These are nine verses of the Hymn of Praise; the translations in use contain another eleven verses. I have sometimes used exult in (jubelt) rather than praise (preiset), depending on the context. Essentially the text consists of three words – preiset den Herrn (praise ye the Lord) – which are continually repeated in connection with an enumeration of all kinds of things. Clearly this enumeration can be continued endlessly or broken off after the first line, just as lines and words can be permuted without altering the basic meaning: alle Werke (all ye works). Thus the text lends itself particularly well to integration in a purely musical, structural order (especially in a permutational serial one) without regard for the literary form, message, or anything else. The Song of the Youths reminds us of a collective idea: whenever the word preiset (praise) emerges at one moment and the word Herrn (Lord) at another – or vice versa – one immediately associates them with a familiar verbal context. The words are memorised, and the important things are that they have been memorised at all, and how they have been memorised – the detailed content is of secondary importance. Attention is directed towards the spiritual – speech becomes ritual.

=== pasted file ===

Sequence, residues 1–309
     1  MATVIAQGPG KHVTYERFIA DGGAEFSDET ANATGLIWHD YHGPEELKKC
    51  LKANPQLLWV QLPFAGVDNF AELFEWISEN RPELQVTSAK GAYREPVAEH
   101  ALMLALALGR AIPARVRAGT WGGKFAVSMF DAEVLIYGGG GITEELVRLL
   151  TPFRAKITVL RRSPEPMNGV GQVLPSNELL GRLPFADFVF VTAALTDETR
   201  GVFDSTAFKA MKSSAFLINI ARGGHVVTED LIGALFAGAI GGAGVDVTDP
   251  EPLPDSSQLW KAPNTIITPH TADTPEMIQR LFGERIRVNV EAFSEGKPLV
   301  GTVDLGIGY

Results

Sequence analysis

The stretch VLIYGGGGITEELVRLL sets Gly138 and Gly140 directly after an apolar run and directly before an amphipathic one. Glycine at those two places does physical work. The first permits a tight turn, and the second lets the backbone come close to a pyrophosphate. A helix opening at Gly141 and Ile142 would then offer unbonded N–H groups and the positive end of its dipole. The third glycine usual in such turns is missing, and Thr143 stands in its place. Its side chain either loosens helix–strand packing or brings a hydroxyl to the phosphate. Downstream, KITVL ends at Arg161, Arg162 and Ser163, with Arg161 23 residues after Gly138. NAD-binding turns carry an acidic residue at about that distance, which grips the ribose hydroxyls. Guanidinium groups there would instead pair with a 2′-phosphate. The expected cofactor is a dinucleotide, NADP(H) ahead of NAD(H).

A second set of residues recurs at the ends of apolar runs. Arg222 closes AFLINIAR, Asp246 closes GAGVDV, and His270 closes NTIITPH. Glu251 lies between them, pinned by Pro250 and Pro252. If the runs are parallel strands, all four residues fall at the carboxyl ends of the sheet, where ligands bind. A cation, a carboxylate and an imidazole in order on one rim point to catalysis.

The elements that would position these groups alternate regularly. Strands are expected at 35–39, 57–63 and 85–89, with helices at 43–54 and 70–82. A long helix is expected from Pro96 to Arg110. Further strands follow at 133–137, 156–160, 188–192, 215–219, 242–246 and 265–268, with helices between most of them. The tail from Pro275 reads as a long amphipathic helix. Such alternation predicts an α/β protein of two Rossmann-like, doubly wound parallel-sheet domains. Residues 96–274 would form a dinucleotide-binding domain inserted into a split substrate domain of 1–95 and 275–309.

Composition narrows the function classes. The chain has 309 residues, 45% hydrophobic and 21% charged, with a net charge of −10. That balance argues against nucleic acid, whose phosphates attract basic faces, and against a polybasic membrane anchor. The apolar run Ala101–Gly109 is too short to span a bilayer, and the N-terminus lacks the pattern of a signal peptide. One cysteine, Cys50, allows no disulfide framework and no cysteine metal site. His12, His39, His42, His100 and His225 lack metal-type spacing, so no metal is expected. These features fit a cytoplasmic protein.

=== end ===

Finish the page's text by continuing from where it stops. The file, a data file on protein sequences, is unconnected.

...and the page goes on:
Published on Jan 26, 2014
AngelicA - Festival Internazionale di Musica - tredicesimo anno - abissale & aderente - Bologna, Modena - 13>18 maggio 2003